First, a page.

2. In your xmap, link the playback technique with a patch in your library, so your library will know which patch to trigger when receiving this playback technique.
3. Assign the xmap to the instrument in Play mode so your library will know how to translate in patches the incoming playback techniques.

The only exception to this comes in with playing techniques that are assign by default to playback techniques in Dorico, like staccato dots or legato lines. But you’ll still have to assign the corresponding playback techniques in your xmap to let OT know which patch to trigger

Thank you Queb. I’m having much better luck today. I started with reassigning default playback modes such as staccato dots & legato lines and basically changing any Dorico defaults to custom. That solved a host or problems.

As mentioned before, another problem related to this is playing back from the beginning of a part, Dorico will use the last used articulation, not the one I’ve written for the first note. The solution is the same solution I’ve used in Cubase: Before the first note of a part, insert a new note, out of playing range and specify ANY articulation. This seems to initialize Dorico as it then plays from the beginning correctly with the first actual note sounding the articulation as written. If there is a better solution to this issue, would like to see it.

Nice to be getting somewhere at last!

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Is there a way to check the link between playing technique and playback technique within the expression map dialogue box. I thought i read somewhere that you could do this within the expression map area. I know you can check it in the playback lane in play itself - but I like to audition sounds in the expression map dialogue and it would be nice to confirm or not a valid link between playing and playback techniques at that stage. Certainly hoping that Dorico 5 brings further development of the expression map scene. Many thanks all.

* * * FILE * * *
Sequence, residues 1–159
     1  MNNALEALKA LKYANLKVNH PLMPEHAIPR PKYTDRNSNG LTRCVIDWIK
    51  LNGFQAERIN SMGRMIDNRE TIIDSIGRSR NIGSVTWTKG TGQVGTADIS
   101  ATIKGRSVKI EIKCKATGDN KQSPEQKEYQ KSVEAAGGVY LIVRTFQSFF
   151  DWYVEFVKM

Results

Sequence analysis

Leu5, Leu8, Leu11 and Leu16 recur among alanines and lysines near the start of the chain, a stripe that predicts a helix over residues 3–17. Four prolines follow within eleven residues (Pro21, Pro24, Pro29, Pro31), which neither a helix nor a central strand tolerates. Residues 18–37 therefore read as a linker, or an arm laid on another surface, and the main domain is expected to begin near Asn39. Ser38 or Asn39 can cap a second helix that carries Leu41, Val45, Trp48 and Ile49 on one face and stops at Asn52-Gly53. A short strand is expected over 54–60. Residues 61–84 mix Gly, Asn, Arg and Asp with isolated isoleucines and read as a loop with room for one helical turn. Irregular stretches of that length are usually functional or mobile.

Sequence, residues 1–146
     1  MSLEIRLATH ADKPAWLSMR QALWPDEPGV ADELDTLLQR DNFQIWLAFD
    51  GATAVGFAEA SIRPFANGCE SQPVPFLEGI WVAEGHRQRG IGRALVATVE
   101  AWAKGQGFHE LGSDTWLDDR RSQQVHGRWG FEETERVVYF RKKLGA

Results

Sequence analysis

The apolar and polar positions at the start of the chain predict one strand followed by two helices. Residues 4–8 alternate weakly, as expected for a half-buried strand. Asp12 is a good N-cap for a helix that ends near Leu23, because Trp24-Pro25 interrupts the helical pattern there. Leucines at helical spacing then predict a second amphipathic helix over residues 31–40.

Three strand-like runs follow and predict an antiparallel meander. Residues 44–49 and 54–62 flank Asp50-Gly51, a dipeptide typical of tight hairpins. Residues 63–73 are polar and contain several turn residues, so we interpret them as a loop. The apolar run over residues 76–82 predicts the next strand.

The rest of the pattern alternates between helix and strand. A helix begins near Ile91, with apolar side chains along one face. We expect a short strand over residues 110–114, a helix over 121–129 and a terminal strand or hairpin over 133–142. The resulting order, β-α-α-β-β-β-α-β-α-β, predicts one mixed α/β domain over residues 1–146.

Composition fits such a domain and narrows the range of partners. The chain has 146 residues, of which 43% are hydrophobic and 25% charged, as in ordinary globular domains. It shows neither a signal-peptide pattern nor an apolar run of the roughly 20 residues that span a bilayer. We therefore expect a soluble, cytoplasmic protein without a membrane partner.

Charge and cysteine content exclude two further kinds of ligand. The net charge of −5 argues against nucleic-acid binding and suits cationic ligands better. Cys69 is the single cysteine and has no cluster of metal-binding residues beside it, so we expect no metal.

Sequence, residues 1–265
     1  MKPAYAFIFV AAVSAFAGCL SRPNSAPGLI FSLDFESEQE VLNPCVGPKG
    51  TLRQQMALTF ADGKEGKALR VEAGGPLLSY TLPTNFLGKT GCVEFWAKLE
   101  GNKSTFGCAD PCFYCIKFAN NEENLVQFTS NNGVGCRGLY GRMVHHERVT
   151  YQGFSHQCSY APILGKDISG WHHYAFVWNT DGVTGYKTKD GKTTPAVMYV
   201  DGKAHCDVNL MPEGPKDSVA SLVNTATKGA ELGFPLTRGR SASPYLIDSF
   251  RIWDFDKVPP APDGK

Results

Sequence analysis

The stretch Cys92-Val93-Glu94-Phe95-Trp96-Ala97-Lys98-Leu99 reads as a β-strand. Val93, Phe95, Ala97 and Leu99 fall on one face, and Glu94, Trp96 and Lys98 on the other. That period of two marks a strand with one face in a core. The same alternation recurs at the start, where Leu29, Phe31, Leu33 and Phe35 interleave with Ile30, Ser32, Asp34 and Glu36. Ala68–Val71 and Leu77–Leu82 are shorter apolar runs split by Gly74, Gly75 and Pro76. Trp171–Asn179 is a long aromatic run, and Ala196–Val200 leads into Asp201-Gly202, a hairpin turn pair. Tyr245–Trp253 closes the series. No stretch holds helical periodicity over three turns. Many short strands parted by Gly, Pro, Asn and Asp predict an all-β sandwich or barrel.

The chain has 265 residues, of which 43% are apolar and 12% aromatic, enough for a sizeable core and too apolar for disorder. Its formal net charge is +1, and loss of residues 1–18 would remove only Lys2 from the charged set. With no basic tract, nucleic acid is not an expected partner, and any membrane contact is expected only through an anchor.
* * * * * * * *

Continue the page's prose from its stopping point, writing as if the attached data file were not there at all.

Windows 10
Dorico 4.3
Nuendo 12

No, you can’t check via the Expression Maps dialog which playing technique is mapped by which playback technique used by the switches in the expression map. We know it would be helpful to have a more direct way of accessing the playing techniques that correspond to the switches in the expression map used for a given instrument, and that’s something we’re definitely interested in implementing in future.


Hi everyone. First, sorry for my bad English. I’m studying expression maps in Doric. I wanted to know how it is possible to use two different types of legato in the VSL flute, for example the perf. legato and the perf legato grace ( of which I understood little its practical use) How can I in Doric connect two different kinds of legato, since there is only one legato symbol available in the notation page?strong text

Welcome to the forum.

You can create two different playing techniques and connect them each to different playback techniques, which in turn trigger different switches in your expression map. You may also need to put these into a mutual exclusion group in the expression map so that Dorico knows that only one can be used at any one time.

[quote=“Janus, post:10, topic:683392”]
You can create two different playing techniques and connect them each to different playback techniques, which in turn trigger different switches in your expression map. You may also need to put these into a mutual exclusion group in the expression map so that Dorico knows that only one can be used at any one time.